So since I’m here and talking about Notion, I thought I’d share three of the videos that inspired me and helped me the most to understand all the different functionalities Notion has to offer :

And as an extra, if anyone’s interested, here are some pictures of my current Notion setup :

A day in my life during the summer

Continuing on with the personal posts, this one is more of an “about the blogger” type – I’ve been thinking about making a “day in the life” post for a while, so here’s a summer-themed one!

During the summer, my days are mostly split between rest days and work/study days. During the rest days, I mostly… do nothing, watch some TV, and maybe go out to do a short jogging. The work/study days are much more interesting.

Regardless of the day, I usually go to sleep pretty late, so I tend to wake up late in the morning too : it’s rare to see me emerge before 10 am on a day when I don’t have any video calls scheduled in the morning. Breakfast tends to be optional, depending on how close to 12pm I’m getting up : if it’s too close, I’ll just directly get lunch and get on with the rest of my day.

It’s taken me a while to go beyond the “breakfast is the most important meal of the day” mentality, and actually listen to what my body is telling me – if I’m hungry, I’ll eat something. If I’m not, and just want to eat for no apparent reason, I’ll think about it and try to figure out if the real reason might be boredom, sadness, anxiety, tiredness…

I use a bullet journal to keep track of my daily, weekly and monthly tasks, and I’ll usually check it in the morning after I wake up. If my laptop is on, I’ll also open feedly and check out what new blog posts have come out in the past day or so, and try to comment on a few of these.

Related posts : check out Kal’s post on @reader voraciousWhy I switched to Feedly for blogopping ! It’s an excellent guide on how to use Feedly to your advantage.

A part of my – relatively short – morning is spent studying : I’m taking two intensive classes this summer, and exams are fast approaching (in fact, I have one today!), which means I need to do my best to stay on top of the course work. I’ve been having some difficulties with one of those classes, as the teacher posts videos online and asks the students to watch them at home : the videos are longer and the content is more dense than in an in-person class, and it requires a lot much work to take notes on all of it.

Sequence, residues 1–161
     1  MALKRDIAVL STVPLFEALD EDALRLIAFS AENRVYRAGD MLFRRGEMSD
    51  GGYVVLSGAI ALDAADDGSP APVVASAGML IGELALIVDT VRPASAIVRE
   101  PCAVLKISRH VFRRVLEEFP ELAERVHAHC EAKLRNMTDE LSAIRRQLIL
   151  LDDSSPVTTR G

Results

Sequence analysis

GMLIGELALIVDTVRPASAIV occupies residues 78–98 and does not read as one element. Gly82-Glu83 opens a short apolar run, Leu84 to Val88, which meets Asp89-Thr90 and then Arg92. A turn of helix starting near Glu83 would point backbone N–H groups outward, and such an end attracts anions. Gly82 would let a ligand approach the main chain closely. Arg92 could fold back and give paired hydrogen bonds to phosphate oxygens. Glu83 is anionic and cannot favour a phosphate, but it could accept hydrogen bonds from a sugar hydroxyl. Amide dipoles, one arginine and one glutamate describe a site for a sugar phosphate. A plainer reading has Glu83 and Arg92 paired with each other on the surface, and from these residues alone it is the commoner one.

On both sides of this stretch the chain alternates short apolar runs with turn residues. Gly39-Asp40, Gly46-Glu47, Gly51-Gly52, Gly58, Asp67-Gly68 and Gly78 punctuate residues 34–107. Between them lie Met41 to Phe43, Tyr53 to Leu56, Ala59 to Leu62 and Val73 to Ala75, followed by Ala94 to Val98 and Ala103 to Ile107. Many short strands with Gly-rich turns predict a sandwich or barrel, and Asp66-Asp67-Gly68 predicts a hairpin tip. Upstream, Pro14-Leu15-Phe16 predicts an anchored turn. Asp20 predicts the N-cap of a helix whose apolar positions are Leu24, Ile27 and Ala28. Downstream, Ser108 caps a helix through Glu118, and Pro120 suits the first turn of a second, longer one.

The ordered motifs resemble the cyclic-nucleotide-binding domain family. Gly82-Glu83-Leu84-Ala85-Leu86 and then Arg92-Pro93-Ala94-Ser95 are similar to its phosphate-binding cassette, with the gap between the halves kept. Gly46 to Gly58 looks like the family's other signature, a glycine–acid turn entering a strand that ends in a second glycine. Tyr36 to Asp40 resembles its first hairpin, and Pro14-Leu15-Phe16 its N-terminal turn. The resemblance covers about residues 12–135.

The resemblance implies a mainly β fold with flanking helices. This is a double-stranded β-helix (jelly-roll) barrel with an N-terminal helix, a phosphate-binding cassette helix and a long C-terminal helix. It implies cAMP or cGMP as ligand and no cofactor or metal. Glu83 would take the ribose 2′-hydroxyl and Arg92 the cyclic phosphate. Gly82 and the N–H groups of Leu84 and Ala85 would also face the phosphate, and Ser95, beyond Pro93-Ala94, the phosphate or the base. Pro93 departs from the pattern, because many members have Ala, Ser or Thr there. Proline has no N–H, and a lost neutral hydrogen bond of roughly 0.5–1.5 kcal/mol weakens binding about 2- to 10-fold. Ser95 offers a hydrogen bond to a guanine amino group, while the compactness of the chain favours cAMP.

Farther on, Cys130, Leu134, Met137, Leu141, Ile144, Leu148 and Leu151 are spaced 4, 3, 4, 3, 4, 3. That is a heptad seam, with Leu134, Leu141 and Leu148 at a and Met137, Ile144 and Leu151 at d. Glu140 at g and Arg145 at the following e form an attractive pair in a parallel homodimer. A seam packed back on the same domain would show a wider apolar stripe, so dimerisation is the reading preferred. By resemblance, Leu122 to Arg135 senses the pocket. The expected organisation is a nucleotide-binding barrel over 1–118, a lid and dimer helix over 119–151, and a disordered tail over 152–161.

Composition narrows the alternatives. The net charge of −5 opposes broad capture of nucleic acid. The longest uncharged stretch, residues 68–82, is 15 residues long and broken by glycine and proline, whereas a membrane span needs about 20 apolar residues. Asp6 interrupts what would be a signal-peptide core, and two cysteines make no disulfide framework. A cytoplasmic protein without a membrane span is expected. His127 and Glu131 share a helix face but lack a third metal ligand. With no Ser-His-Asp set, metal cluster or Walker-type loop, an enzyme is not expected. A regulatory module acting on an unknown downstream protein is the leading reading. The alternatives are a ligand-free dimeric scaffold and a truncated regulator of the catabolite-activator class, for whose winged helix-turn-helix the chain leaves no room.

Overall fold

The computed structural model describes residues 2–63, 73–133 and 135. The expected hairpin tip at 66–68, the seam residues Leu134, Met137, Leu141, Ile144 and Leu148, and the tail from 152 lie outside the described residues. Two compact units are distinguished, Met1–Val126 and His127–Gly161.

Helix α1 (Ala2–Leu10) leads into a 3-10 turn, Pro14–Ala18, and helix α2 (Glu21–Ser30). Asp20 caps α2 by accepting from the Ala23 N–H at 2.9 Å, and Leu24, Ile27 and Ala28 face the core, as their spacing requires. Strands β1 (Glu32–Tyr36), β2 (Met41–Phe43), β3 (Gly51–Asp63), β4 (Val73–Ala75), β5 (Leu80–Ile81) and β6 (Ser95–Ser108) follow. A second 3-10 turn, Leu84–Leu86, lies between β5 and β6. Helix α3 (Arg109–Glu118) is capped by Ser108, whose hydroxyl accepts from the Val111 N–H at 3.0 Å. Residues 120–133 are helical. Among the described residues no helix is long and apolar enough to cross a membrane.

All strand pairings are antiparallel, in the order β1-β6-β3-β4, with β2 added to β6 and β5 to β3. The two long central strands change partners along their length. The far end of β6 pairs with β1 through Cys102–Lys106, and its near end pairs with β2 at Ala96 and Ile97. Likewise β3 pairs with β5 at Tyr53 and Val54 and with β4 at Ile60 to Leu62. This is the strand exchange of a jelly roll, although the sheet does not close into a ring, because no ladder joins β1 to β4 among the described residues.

I’ll also try to write some more on a future blog post during that time, as the building is calm and silent in the morning and I can focus much better than in the evening. I try to have a consistent lunch, but it depends on whether or not I have a lot of time before I have to go to work – for the moment, my work schedule is alternating between days when I start at 3:15pm, and days when I start at 4:15 – and it makes a huge difference in what I’m able to do at home before I have to leave.

Our apartment is located downtown, and there’s a big park nearby where me and my boyfriend sometimes go to play American football, or do some jogging – we’d like to do some boxing too, but so far haven’t found the time to do so. Often, after lunch (around 1pm), we’ll go out and spend some time outside before I have to go to work or get back home to attend my online classes.

On an average work day, it takes me about 40 minutes from the moment I leave my apartment to the moment I start working. I walk for about 10 of those, then take the metro, and get to work 5 minutes before my shift begins so I can put on my uniform shirt and grab my cashier bag to open a cash register. (And, if I’ve slept extra late the day before, I leave home 5 minutes earlier and grab a small coffee at Tim Hortons on the way to the metro station. The perks of living in a big city where you don’t have to walk half an hour to get to the nearest Tims…)

I have relatively short work days – the longest one lasts about 6 hours – since I’m not a full-time worker : my heaviest week so far is going to be this week, with a total of 27 hours planned. But I really like this job, and it helps me keep a somewhat good work-life balance : mornings are mine, afternoons and evenings are for work, and I’m home by 10pm every day so I can eat dinner, relax and spend time with my boyfriend.

In all of that, I usually manage to find some reading time during my breaks at work, and in public transport, as well as in my wake-up time before I try to do much of anything else. I’m currently trying my best to get through The way of kings by Brandon Sanderson – I liked his Skyward series so much that I decided to give a chance to his other writing too – and even if it is super interesting, it’s taking me a long time to read.

What does your day-to-day look like during the summer? Does it usually change a lot, or do you have a regular schedule you tend to follow? And how do you fit your favorite activities into your “work” days?

5 tips to study for your online exams

Unlike usual, this post isn’t about books – or rather, not about novels or recreational books. It does include textbooks, though.

Since we’re in self-quarantine here, all non-essential services are closed, which includes universities and schools all over the country. Many schools are now turning to the internet to maintain their classes online as much as possible, either having their classes live on platforms like zoom, or using panopto and other video conference software to record videos and power point presentations and make them available to their students whenever possible.